• Trust-building and peace process: The ROK should strengthen its efforts to induce the DPRK into becoming a normal state in Northeast Asia via a peace process on the Korean Peninsula in the long run. Efforts should be made to build trust between the DPRK and its neighbours.

  • Modify US nuclear umbrella: The US nuclear umbrella is outdated for the purpose of deterring the DPRK’s nuclear threats. It needs to be modified for improved signalling of collective resolve against DPRK’s nuclear bullying.

Click on the adjacent link to download the full report.

About the Author

Sang Hyun Lee is President of the Sejong Institute in Seoul, South Korea. He also serves as President of the Korea Nuclear Policy Society (KNPS). He received his B.A. and M.A. from Seoul National University and Ph.D. from the Department of Political Science at the University of Illinois at Urbana-Champaign in 1999. He was a research fellow at the Korean Institute for International Studies (1987-88), the Korea Institute for Defense Analysis (1988-90), and policy advisor for Ministry of Foreign Affairs, Ministry of National Unification, and Ministry of National Defense. He has served as Director-General for Policy Planning, Ministry of Foreign Affairs (MOFA) from May 2011 to April 2013. He is a member of Asia-Pacific Leadership Network for Nuclear Nonproliferation and Disarmament(APLN), and Korea-US Nuclear Policy Leadership Initiative (NPLI). He has been a visiting scholar at the Institute for Development and Security (ISDP) in Stockholm, Sweden, and the Stimson Center in Washington DC.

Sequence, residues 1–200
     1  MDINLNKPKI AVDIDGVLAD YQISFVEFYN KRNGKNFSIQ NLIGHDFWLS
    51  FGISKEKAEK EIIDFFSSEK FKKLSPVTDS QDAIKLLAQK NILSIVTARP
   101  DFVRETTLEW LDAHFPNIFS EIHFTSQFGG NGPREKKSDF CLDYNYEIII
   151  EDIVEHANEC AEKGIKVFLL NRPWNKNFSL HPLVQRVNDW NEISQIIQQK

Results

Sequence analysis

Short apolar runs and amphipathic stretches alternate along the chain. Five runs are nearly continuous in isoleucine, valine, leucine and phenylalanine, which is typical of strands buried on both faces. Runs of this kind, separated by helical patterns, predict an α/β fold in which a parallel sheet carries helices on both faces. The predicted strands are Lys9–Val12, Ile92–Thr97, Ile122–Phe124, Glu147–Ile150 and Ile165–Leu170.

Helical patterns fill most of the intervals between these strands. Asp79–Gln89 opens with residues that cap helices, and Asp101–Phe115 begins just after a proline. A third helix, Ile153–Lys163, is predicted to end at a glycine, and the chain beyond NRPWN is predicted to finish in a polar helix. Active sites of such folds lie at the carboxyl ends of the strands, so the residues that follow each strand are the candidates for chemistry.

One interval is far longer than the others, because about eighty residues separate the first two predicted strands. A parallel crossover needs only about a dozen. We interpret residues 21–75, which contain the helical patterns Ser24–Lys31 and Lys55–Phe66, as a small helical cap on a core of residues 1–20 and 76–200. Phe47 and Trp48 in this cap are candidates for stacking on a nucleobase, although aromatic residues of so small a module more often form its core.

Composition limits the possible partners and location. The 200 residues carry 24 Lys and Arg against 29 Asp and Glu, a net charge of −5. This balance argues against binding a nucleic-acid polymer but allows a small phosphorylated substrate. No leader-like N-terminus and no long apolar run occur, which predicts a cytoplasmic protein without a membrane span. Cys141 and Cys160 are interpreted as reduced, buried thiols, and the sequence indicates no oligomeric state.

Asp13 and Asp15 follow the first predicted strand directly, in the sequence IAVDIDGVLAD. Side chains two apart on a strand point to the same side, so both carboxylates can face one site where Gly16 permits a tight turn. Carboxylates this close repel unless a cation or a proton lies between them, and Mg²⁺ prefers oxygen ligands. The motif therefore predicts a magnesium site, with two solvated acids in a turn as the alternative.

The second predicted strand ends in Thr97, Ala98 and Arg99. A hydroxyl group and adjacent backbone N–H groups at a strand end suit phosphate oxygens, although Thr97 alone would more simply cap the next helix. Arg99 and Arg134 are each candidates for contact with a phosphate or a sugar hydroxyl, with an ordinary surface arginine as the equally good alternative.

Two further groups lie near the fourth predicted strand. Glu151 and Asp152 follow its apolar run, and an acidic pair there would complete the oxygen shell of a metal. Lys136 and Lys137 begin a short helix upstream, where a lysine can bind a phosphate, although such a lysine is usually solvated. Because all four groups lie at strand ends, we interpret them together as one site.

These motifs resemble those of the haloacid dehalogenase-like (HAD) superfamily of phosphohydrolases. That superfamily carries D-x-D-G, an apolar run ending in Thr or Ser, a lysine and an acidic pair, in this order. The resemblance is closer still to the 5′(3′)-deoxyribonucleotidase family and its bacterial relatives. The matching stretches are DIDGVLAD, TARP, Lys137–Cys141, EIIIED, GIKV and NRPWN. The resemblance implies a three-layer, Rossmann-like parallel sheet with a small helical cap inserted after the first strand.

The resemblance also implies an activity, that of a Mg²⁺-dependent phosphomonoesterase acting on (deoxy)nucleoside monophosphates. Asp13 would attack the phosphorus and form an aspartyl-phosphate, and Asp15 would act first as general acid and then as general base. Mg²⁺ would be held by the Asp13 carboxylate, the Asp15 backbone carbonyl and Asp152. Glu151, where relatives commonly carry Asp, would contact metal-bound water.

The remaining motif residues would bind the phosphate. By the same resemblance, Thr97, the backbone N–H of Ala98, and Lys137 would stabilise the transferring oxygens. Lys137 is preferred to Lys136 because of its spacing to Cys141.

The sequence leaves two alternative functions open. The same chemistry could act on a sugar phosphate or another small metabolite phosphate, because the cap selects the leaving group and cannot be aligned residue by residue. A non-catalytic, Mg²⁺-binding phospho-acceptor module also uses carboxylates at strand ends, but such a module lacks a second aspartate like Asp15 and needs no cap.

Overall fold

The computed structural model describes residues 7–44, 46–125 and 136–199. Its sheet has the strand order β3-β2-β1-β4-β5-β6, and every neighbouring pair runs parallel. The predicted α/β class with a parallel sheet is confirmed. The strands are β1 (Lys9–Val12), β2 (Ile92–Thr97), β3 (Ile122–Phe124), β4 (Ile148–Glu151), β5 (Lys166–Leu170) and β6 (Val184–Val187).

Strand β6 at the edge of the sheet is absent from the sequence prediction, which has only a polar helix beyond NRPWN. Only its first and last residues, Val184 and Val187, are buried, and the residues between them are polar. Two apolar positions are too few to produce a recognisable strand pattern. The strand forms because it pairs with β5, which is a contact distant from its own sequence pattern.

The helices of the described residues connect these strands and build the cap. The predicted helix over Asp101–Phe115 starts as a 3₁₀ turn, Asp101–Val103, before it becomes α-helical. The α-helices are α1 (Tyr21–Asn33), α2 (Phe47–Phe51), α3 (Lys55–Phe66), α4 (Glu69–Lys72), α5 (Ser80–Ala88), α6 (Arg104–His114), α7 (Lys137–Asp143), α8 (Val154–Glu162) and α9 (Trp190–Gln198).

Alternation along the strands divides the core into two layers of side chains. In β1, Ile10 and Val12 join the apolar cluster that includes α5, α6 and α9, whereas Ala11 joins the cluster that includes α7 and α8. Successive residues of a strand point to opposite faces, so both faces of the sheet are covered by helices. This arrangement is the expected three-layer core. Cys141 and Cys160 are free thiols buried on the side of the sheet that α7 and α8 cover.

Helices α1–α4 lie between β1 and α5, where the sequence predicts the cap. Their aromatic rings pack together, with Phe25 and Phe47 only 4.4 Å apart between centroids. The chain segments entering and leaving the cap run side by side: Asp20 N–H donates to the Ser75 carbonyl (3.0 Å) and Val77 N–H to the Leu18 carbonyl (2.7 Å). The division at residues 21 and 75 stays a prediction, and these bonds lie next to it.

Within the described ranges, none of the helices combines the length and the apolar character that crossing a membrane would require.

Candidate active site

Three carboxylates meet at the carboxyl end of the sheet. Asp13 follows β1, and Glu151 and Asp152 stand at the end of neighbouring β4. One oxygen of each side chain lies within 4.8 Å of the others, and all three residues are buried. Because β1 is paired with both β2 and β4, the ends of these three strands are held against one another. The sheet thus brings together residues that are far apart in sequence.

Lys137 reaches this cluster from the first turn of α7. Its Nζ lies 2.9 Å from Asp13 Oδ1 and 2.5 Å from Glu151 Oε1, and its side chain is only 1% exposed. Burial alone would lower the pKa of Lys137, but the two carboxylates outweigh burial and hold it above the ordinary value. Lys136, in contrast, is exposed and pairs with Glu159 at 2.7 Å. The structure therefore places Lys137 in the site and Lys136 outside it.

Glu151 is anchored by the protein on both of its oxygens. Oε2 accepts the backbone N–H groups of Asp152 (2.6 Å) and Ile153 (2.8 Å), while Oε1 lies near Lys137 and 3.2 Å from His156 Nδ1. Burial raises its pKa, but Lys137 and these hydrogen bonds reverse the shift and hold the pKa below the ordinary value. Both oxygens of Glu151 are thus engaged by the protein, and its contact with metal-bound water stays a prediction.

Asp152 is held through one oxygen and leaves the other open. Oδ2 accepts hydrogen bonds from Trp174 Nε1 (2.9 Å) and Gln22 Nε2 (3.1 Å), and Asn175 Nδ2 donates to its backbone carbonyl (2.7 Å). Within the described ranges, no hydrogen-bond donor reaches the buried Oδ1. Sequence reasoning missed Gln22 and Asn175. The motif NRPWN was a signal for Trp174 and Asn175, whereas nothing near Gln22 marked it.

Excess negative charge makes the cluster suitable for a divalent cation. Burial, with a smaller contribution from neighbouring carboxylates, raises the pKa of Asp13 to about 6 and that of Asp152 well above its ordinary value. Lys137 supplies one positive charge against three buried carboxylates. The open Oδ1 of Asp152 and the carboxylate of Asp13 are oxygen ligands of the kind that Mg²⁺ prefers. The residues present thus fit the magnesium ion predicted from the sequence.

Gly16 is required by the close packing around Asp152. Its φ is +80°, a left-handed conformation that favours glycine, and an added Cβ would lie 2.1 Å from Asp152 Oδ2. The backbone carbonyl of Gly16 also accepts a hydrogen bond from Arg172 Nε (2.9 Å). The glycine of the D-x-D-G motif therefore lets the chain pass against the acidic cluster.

Disclaimer: The views expressed in this report do not necessarily reflect the position of the Asia Pacific Leadership Network or any of its members.

Image: iStock